This roundtable will focus on the ways we address ableism in the literature, language, and writing classrooms. Perspectives are sought on the incorporation and adaptation of course content, class policies, and teaching activities. Both success stories and failure narratives are welcome.

 

Follow the link above to submit a 300-word abstract before the September 30th deadline. Members and non-members of NeMLA may submit to as many sessions as they want, although they may present on only one paper presentation panel and only one other type of session (a roundtable or a creative session).

More NEMLA Calls for Proposals!

With less than a week left until the September 30 deadline, here are four more, awesome panels scheduled for the Northeast Modern Language Association conference in March. These are all focused on popular culture, including comics and the Marvel Cinematic Universe (which I’m partial to myself). Check them out!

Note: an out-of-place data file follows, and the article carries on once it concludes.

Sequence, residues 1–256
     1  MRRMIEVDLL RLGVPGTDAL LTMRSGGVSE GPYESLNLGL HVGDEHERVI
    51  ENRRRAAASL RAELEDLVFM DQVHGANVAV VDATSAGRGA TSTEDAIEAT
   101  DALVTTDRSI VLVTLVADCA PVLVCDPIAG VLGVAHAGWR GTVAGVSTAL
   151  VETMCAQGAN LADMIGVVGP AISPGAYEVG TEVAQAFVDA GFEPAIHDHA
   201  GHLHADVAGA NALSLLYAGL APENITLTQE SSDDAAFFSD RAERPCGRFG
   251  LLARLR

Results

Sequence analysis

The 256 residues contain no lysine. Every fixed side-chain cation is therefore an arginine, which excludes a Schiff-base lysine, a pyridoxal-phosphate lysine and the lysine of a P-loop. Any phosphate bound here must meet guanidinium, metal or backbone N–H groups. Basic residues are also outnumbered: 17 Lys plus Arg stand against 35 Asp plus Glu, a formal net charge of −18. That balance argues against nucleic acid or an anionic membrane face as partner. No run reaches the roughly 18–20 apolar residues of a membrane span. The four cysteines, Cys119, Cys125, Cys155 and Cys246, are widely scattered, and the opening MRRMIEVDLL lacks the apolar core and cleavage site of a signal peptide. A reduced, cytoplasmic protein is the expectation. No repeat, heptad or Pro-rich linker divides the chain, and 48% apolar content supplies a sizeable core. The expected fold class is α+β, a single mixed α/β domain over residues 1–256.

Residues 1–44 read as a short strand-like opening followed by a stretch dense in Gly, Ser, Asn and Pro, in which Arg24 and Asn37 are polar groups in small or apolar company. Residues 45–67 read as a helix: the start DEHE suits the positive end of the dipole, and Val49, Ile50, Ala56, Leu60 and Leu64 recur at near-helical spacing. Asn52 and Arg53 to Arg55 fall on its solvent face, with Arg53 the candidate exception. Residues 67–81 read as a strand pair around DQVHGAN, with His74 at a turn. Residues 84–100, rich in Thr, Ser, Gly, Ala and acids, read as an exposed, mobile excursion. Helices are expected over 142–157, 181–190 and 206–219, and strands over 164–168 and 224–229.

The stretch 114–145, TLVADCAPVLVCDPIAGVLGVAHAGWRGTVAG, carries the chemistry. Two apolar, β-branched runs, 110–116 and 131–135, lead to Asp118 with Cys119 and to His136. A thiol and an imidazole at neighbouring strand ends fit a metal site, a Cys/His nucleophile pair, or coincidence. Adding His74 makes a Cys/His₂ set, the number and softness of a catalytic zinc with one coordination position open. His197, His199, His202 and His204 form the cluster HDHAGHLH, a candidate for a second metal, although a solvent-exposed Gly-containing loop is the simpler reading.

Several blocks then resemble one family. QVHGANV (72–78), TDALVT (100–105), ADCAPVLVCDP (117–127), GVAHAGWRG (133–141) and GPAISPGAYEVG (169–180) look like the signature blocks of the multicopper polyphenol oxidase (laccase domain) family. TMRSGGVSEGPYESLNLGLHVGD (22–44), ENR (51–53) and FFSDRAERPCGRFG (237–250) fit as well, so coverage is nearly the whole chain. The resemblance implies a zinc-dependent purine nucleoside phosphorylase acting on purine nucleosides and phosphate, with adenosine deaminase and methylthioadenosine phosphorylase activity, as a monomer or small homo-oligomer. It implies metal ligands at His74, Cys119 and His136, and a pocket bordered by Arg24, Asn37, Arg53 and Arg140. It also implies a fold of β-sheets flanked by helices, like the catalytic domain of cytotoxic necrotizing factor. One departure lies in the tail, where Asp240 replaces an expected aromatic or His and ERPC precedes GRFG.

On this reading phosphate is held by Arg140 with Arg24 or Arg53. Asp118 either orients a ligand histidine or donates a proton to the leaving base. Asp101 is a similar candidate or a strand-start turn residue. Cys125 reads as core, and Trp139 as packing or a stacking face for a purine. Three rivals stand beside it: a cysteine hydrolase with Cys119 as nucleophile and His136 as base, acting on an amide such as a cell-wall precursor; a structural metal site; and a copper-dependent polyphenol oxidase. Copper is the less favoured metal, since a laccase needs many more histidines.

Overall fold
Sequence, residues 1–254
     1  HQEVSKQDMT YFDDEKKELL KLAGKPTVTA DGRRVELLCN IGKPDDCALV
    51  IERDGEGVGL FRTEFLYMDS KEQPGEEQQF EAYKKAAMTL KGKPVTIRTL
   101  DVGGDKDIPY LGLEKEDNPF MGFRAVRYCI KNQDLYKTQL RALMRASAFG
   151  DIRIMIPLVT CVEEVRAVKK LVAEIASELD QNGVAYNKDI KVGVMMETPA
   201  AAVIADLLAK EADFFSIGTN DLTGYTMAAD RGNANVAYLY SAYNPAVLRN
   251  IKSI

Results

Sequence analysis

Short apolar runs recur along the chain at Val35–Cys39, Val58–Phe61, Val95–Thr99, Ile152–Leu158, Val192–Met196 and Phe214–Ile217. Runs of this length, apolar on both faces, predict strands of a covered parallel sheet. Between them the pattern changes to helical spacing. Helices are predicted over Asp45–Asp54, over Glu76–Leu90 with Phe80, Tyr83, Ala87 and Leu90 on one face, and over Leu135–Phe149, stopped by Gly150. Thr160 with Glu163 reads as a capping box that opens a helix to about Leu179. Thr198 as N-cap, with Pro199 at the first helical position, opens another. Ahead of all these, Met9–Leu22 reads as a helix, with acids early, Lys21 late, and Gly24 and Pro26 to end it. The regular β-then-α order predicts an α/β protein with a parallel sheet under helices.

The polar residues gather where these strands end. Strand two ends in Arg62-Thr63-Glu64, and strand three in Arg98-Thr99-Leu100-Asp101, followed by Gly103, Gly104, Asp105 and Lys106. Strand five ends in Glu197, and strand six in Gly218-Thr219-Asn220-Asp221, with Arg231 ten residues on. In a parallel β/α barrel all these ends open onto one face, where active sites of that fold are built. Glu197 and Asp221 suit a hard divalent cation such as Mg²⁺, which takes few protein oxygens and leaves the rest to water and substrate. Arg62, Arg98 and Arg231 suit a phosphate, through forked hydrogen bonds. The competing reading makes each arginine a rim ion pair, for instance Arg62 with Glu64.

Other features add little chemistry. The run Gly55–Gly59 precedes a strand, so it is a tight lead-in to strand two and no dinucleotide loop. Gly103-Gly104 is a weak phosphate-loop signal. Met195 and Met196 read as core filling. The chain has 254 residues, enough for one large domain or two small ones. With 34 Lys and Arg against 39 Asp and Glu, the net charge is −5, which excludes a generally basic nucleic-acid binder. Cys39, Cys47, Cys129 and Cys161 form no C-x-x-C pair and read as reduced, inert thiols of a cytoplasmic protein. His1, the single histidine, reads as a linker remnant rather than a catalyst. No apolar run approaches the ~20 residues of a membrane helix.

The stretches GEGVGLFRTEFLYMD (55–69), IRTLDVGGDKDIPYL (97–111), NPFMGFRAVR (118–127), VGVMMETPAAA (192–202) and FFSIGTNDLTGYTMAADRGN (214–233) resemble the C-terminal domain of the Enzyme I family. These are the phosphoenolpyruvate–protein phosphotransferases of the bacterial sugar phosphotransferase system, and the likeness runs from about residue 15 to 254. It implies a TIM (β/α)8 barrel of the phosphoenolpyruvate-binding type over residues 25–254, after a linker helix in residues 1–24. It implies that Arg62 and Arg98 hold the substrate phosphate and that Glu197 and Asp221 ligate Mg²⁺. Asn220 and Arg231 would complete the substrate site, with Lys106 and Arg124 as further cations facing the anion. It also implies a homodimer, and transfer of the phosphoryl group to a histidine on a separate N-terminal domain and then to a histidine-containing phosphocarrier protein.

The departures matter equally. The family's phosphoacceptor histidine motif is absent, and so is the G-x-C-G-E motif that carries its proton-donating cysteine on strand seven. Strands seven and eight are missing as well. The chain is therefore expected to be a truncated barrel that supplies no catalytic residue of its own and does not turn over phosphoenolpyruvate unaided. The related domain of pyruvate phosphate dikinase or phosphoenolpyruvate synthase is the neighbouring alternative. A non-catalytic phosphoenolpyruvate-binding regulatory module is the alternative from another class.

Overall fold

The 47th meeting of the Northeast Modern Language Association, March 17th to March 20th in Hartford, Connecticut, will host more than 400 sessions, including ones focused on adaptations of literature for film, and the roles of race and gender in comics.

Below are four calls for papers with links for submitting 300-word abstracts before the September 30th deadline. Members and non-members of NeMLA may submit to as many sessions as they want, although they may present on only one paper presentation panel and only one other type of session (a roundtable or a creative session).

If you have any questions, please email the organizers listed with each session.

“Ruined!” On Failed Adaptations from Page to Screen

https://www.cfplist.com/nemla/Home/S/15658

Contact: Emily Lauer (lauere@sunysuffolk.edu), Derek McGrath (derek.s.mcgrath@gmail.com)